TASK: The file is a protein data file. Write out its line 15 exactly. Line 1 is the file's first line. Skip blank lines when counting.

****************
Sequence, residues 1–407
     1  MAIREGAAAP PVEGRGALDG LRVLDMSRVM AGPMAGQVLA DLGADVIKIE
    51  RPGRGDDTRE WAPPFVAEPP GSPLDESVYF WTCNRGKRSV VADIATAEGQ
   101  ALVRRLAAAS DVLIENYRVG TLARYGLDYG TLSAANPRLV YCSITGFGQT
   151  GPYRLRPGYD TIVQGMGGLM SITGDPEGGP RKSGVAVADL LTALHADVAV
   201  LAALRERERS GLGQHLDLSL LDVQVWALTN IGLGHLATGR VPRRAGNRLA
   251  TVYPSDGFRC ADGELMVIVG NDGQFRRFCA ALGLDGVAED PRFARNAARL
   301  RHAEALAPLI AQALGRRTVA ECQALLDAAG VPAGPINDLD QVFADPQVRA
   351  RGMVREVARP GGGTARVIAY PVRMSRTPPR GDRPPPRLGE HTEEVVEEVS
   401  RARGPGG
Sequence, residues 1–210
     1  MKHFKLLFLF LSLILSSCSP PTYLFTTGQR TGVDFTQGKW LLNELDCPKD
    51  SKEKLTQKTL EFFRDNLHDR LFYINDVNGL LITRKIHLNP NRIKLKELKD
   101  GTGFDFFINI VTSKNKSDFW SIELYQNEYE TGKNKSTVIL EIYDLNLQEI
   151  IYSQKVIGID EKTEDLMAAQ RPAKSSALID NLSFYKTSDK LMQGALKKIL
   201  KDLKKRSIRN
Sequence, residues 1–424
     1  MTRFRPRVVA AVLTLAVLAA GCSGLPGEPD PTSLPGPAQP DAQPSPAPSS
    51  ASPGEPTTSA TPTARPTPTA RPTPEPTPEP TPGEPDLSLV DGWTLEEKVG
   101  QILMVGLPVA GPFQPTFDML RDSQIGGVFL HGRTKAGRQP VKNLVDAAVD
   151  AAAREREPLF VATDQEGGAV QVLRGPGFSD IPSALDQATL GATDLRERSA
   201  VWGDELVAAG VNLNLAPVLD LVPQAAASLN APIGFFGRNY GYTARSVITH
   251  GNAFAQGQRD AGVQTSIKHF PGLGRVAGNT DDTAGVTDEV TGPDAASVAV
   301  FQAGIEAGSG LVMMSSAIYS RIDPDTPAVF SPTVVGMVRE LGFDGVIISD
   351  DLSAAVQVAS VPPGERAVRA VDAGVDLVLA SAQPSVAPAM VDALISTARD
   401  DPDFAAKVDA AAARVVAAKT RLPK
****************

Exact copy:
   151  IYSQKVIGID EKTEDLMAAQ RPAKSSALID NLSFYKTSDK LMQGALKKIL